No Sony SLRs any more, ever.

Started Sep 13, 2012 | Discussions thread
Draek Senior Member • Posts: 2,028
Re: No Sony SLRs any more, ever.

jerome_munich wrote:

What I never understood is why so many Sony users rejoice at the disparition of the OVF.

Probably because we don't.

OVF users don't ask that Sony abandons the SLT system, it is only EVF users who insist that the OVF must go and will disappear in the future.

No, we don't. We merely state that it will , not that it must . It's the same as with cheap compact cameras: between smartphones and premium compacts, their life is pretty much at an end and it'd surprise me if they were still being made 5, 7 years from now. Do I have something against cheap compacts? not at all, in fact I rather like them myself, but that won't make its future any brighter. Sucks to be us.

From the answers in this thread, it seems that we have more hindsight in the psychology of the average Sony forum user: most of the pro-EVF answers came with the argument that "EVF is the future" or went even further by stating that all other manufacturers will have to go EVF in the near future. We also had some comparison between the phasing out of film and the phasing out of the OVF. So it seems that these users have some emotional, irrational, investment in the idea that they have a "more modern" system and that their brand of choice leads future developments. With that attitude, of course the OVF needs to disappear for Sony to "win": any brand keeping the OVF in the future will disprove the theory that the EVF will displace the OVF in the future.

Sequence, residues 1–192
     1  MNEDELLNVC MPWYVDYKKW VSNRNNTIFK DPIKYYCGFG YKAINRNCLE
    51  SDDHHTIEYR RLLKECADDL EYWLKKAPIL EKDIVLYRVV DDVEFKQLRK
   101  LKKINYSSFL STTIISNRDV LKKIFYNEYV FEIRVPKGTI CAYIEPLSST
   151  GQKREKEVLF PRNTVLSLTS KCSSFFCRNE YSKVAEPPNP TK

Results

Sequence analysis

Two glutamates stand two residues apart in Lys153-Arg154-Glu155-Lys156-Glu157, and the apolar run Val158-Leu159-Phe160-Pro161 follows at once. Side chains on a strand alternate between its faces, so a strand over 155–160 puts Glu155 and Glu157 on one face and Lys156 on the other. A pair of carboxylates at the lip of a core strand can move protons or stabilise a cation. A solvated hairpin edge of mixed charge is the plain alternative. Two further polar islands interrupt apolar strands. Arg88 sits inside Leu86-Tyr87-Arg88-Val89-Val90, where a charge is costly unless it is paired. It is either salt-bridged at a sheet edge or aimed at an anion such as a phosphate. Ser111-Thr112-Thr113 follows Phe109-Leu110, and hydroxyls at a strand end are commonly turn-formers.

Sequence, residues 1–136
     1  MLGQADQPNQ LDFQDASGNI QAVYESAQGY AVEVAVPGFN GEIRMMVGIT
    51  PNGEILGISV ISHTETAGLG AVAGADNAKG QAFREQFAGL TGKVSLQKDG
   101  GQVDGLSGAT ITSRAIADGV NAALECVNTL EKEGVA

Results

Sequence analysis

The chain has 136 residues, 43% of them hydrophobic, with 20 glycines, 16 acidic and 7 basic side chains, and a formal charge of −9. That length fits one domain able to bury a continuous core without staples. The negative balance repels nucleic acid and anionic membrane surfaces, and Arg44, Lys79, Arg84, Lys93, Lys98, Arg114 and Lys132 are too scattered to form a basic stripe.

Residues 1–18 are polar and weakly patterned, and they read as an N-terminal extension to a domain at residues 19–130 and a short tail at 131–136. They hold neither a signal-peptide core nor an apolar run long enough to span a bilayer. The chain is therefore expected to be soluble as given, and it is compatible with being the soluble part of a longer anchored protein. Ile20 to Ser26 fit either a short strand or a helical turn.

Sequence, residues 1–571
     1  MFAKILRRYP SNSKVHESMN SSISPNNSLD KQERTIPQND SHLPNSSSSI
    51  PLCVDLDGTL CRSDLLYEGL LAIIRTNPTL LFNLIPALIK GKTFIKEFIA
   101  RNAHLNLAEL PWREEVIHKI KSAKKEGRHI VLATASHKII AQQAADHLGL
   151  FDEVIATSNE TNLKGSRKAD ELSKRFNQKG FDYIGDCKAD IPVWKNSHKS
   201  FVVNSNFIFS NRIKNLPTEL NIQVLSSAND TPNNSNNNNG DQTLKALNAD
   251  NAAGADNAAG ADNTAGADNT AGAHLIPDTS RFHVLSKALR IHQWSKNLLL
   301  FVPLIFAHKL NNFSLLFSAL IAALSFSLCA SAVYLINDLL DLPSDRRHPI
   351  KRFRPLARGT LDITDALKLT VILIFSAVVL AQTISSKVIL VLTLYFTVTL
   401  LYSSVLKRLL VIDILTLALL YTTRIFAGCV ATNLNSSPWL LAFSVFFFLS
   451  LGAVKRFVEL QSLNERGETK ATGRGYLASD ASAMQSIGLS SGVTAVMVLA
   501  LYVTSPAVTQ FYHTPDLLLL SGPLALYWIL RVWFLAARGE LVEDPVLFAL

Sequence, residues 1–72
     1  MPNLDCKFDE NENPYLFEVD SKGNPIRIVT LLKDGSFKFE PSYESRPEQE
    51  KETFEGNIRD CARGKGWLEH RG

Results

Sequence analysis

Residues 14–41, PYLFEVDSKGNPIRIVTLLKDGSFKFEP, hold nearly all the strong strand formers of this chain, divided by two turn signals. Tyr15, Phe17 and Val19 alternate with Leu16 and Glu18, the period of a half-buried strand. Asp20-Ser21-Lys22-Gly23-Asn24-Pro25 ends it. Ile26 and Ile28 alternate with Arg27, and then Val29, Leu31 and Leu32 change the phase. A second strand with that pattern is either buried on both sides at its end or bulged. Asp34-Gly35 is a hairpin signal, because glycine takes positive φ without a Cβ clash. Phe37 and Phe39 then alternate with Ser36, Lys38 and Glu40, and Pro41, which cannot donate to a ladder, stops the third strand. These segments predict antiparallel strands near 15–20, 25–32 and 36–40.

Yeah, leave psychology to the psychologists. Again, it's simply that it's dying and thus EVFs are the future; not that it should but that it is . And such comments are only in response to people "waiting" for when "Sony sees the light" and finally offers a SLR camera with a TTL OVF again instead of learning to use an EVF properly, when the trend for the industry in general and Sony in specific says that this "wait" won't ever come to an end.

Sure, Sony could keep both lines alive into the future. Sony could also give away the cameras for free and try to make a profit on lenses, but much as with the previous idea, that they could doesn't mean it's an economically-viable strategy; check out how much the price rises in the D800 and K5-II just by removing the AA filter, then imagine the premium you'd have to pay to get an entirely different mirror mechanism, a pentaprism and the rest of the TTL-related gadgetry in there. Do you really want to pay 5Dm3 prices for a Sony A710, or 1DX prices for an A910? thought so.

Only the future will tell what really happens, but Nikon did not announce an EVF camera this year and Canon also seems firmly committed to the flapping mirror. An educated prediction would just appear to be that, in the next 3 to 5 years, only Sony will pursue the SLT route with the competition still producing traditional SLRs. How the market will respond to that remains to be seen, of course.

Only Sony, and Olympus, and Panasonic, and Samsung, and wait, Sony again, and Fuji, and... well, yeah. Hell, even Pentax has made some tentative steps by removing the OVF in the K-01, and God knows they're some of the most traditionalist camera makers in existence (video? hahaha! what's that?). You might say "but mirrorless are an entirely different market!", but the only thing separating them is the same thing separating SLTs from SLRs: the different framing system. In everything else, they're only as different as any two SLRs are between themselves.

Well, there's also focusing systems, the main reason SLRs have thrived until now, but even that's been changing since this generation of cameras.

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